Re: [PATCH v3] xfs: introduce protection for drop nlink

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On Mon, Sep 18, 2023 at 08:33:35PM -0700, Darrick J. Wong wrote:
> On Mon, Sep 18, 2023 at 03:48:38PM +1000, Dave Chinner wrote:
> > It is only when we are trying to modify something that corruption
> > becomes a problem with fatal consequences. Once we've made a
> > modification, the in-memory state is different to the on-disk state
> > and whilst we are in that state any corruption we discover becomes
> > fatal. That is because there is no way to reconcile the changes
> > we've already made in memory with what is on-disk - we don't know
> > that the in-memory changes are good because we tripped over
> > corruption, and so we must not propagate bad in-memory state and
> > metadata to disk over the top of what may be still be uncorrupted
> > metadata on disk.
> It'd be a massive effort, but wouldn't it be fun if one could attach
> defer ops to a transaction that updated incore state on commit but
> otherwise never appeared on disk?
> Let me cogitate on that during part 2 of vacation...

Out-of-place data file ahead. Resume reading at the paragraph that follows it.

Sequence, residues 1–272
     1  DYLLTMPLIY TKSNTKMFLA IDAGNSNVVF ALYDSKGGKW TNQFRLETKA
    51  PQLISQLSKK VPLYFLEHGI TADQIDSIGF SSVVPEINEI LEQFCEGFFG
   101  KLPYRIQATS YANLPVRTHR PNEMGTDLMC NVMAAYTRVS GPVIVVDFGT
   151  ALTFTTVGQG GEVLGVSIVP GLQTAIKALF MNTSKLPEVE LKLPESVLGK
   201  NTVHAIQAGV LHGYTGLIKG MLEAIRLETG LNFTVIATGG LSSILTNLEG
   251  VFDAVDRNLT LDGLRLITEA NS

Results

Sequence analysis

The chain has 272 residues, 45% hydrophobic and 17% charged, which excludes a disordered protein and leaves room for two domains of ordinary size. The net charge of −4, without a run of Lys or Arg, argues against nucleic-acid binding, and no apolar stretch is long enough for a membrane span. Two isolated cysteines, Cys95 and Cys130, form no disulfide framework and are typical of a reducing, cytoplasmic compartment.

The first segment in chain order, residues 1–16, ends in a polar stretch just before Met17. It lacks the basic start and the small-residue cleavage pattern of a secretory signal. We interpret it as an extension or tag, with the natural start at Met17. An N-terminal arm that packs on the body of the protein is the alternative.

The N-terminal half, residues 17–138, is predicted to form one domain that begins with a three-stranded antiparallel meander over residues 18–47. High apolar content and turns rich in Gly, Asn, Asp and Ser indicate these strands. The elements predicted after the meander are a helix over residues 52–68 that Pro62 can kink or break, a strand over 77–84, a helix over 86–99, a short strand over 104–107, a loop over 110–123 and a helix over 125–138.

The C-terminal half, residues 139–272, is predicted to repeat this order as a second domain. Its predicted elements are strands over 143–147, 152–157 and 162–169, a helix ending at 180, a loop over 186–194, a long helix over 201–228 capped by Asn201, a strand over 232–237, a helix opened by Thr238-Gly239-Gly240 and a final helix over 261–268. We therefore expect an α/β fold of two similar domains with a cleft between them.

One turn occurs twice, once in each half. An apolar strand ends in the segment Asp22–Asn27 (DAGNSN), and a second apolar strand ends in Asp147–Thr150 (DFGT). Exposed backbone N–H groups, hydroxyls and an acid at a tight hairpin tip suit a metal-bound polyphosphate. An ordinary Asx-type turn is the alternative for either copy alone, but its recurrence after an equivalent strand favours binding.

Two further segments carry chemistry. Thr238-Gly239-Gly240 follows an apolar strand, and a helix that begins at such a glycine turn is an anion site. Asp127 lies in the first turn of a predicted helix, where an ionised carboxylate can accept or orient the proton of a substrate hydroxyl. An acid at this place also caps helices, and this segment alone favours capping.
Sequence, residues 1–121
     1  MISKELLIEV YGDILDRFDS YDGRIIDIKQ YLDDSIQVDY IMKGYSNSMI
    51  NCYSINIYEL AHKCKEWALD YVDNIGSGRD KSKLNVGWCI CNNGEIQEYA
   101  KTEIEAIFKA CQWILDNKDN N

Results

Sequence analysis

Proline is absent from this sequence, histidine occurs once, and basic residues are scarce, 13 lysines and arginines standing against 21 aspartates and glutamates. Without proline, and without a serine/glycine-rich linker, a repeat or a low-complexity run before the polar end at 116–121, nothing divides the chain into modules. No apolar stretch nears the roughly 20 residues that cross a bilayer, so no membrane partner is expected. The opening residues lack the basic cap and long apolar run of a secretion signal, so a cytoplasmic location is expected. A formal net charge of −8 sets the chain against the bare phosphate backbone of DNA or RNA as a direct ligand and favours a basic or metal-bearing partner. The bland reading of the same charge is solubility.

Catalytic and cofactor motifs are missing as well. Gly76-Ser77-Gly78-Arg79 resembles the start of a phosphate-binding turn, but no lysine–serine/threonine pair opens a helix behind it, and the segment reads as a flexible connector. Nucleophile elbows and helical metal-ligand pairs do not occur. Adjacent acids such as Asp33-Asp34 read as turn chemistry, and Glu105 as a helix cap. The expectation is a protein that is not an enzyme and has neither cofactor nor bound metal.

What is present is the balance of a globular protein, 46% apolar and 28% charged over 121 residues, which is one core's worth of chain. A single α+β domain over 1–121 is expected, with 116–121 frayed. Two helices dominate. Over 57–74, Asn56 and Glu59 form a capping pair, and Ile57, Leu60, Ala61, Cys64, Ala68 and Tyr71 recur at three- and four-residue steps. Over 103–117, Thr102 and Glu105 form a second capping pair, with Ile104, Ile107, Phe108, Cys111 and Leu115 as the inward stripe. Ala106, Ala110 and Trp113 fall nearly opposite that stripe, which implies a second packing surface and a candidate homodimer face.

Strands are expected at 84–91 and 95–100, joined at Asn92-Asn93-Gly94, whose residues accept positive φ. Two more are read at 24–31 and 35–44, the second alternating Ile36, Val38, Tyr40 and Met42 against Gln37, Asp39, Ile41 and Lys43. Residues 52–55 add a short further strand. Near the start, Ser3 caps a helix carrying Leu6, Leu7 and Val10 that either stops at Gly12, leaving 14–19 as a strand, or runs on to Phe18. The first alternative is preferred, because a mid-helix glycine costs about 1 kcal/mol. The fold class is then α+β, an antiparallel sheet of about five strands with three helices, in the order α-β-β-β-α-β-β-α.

Sure, I'm interested to see what you might come up with.

My thoughts on rollback of dirty transactions come from a different

Conceptually being able to roll back individual transactions isn't
that difficult. All it takes is a bit more memory and CPU - when we
join the item to the transaction we take a copy of the item we are
about to modify.

If we then cancel a dirty transaction, we then roll back all the
dirty items to their original state before we unlock them.  This
works fine for all the on-disk stuff we track in log items.

I have vague thoughts about how this could potentially be tied into
the shadow buffers we already use for keeping a delta copy of all
the committed in-memory changes in the CIL that we haven't yet
committed to the journal - that's actually the entire delta between
what is on disk and what we've changed prior to the current
transaction we are cancelling.

Hence, in theory, a rollback for a dirty log item is simply "read it
from disk again, copy the CIL shadow buffer delta into it".

However, the complexity comes with trying to roll back associated
in-memory state changes that we don't track as log items.  e.g.
incore extent list changes, in memory inode flag state (e.g.
XFS_ISTALE), etc. that's where all the hard problems to solve lie, I

Another problem is how do we rollback from the middle of an intent
(defer ops) chain? We have to complete that chain for things to end
up consistent on disk, so we can't just cancel the current
transaction and say we are done and everything is clean.  Maybe
that's what you are thinking of here - each chain has an "undo"
intent chain that can roll back all the changes already made?


Dave Chinner

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